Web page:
I have been known to label myself as “not a museum person,” yet I rarely miss a famous one, and always enjoy them once I get there. I’ve gone out of my way to visit them, been to all the big names, and have enjoyed countless hours wandering the halls with my favorite niece Hannah. So instead, I should probably say I have a low museum tolerance. It’s a battle between my eyes and my feet to see which one will cry “uncle” first.
Lisbon has a hodgepodge of museums. Not only are there the usual suspects of old masters and contemporary art, but there are also more obscure options. For example, there is the Museum of Beer, the Museum of Water, the Money Museum, Museum of Marionettes (puppets,) the Tile Museum (azuelos) and the Museum of Fado, Portugal’s traditional music, just to name a few. So many museums, so little time reserved at my accommodation. I have three days to allocate toward museum exploration.
While the quirkiness of many of these museums appeals to me, realistically, I am really only good for one museum per day. By the time I find the location, read up on what is on offer, and do the museum justice, I am pretty much out of mental and physical fuel. I find I have to consciously pace myself so as not to delve too deeply in the first few exhibits, leaving myself short on energy for the grand finale. So I figure I will allocate one museum per day over three days.
Museu Nacional do Azulejo
I have been extraordinarily enchanted with the beautifully patterned tiles that seem to cover every façade both inside and out here in Portugal. It is something that has taken me by surprise, and I wanted to know more. Why are they so prolific here?
First of all, I learn the Portuguese don’t call them “tiles,” but rather “azuelos,” from the Arabic word meaning “small polished stone.” The patterned tiles remind me of the beautiful blue tiled mosques I saw in Iran. I guess it stands to reason, since the Iberian Peninsula is so “moored” in its Moorish roots. So I was curious to learn more about how they evolved to play such a prominent role in the Catholic churches here.
The museum is set in Madre de Deus Convent, founded in 1509, so the building is almost as beautiful as the displays themselves. Inside the convent is a baroque chapel showcasing tiles from the 18th century, like a museum inside a museum.
While I had hoped to learn more about the making of the tiles (materials used, type of paints, etc.) I found the museum to be more like an art gallery. Still worthy of Museum Choice No. 1.
Palácio Nacional de Queluz, or the National Palace of Queluz
Does a palace qualify as a museum? It is in a way, a life-sized museum. It was my growing appreciation of azuelos that brought me to the Palace. In doing my research about azuelos, I learned that the National Palace of Queluz has an entire canal lined in blue and white tiles where the royal family went boating. This, I had to see.
About half an hour outside of Lisbon, easily reached by the train from the Rossio Station (right outside my hostel door) in the very nondescript suburbs of Queluz is the resplendent national palace inspired by France’s Versailles.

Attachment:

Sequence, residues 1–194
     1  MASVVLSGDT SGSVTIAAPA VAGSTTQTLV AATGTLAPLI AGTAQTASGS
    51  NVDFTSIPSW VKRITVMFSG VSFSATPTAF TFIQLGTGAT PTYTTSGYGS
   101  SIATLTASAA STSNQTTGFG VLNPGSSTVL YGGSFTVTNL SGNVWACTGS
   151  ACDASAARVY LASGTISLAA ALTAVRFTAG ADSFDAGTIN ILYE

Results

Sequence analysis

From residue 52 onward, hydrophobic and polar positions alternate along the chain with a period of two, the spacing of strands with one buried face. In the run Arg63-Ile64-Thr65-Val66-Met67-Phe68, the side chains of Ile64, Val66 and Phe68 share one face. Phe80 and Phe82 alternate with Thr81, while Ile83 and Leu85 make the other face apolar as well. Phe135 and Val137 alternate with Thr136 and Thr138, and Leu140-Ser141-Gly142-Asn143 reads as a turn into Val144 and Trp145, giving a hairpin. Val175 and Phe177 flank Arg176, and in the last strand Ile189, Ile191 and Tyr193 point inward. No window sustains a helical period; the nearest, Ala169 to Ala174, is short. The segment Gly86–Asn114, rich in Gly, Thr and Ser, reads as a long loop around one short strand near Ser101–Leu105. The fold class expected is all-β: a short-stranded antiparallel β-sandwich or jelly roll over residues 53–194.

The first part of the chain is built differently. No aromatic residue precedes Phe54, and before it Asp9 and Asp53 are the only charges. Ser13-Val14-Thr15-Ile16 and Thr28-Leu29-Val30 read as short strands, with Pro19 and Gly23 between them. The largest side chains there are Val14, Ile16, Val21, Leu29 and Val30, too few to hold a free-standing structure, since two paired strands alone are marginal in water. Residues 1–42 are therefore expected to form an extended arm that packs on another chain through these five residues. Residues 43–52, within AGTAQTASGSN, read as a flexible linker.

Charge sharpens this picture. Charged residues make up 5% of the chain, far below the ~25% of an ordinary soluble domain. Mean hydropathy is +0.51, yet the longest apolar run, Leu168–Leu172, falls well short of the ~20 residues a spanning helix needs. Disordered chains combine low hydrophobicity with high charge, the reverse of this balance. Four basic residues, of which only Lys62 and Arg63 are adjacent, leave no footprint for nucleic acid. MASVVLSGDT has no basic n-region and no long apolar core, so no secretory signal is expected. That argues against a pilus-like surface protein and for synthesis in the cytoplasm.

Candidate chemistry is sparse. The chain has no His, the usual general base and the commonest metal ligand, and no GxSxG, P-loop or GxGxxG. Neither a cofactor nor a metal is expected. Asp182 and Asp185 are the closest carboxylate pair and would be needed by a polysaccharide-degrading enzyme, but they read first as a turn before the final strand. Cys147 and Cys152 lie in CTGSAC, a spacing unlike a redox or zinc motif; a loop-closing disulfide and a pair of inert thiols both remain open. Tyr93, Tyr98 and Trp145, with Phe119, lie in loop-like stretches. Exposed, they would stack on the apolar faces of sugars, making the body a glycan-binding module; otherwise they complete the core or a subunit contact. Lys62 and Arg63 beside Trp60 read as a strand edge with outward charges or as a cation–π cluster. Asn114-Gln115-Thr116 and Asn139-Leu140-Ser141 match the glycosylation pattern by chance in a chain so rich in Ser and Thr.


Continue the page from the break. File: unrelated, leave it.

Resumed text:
Built in 1747, it was initially conceived as a summer residence. They lived here permanently from 1794 until 1807 when they were forced to flee to the then Portuguese colony of Brazil following the French invasion. They literally left the day before Napolean’s troops landed in Lisbon.
Museu de Marinha, Maritime Museum
One of the things which most endears Portugal to me is its nautical ambiance, and with over 1,000 miles of coastline, its heavy maritime influence should come as no surprise.
Being here in Portugal, I am surrounded by reminders of “The Age of Discovery,” from the early 15th century into the early 17th century, when European ships traveled around the world in search of new trading routes and partners. The Portuguese Empire led the charge during this time of discovery with young Henry the Navigator and Vasco da Gama, among others, exploring the west coast of Africa all the way to Cape Town. (It’s interesting that you see little mention of Ferdinand Magellan, Portuguese sailor who was the first to circumnavigate the globe. But he did so under the Spanish flag, therefore Portugal considers him somewhat of a traitor.)
Portugal and Spain were the dominant leaders of the Age of Discovery. Through the Treaty of Tordesillas the two countries agreed to divide up the New World, with Spain getting most of the Americas while Portugal got Brazil, India, and Asia. Interesting, considering the scope of Portugal’s dominion today.
I have long been fascinated by these navigators and cartographers on how they managed to sail around the globe using rudimentary tools in rickety boats, to risk venturing into the dark and perilous sea, all for the sake of exploration. Oh sure, there were trade routes at stake offering rich rewards, but equally rewarding was the notoriety of claim, as well as the adventure itself. Not only the gold, but the glory…a curiosity that drove these early explorers to try and try again, against all odds, to press on just to see what lies over the horizon.
While I have done some reading about Captain Cook (very humorous book by the late Tony Horowitz, Blue Latitudes) I remember very little from my World history about the Portuguese explorers. So being here in Lisbon, the Maritime Museum piqued my interest.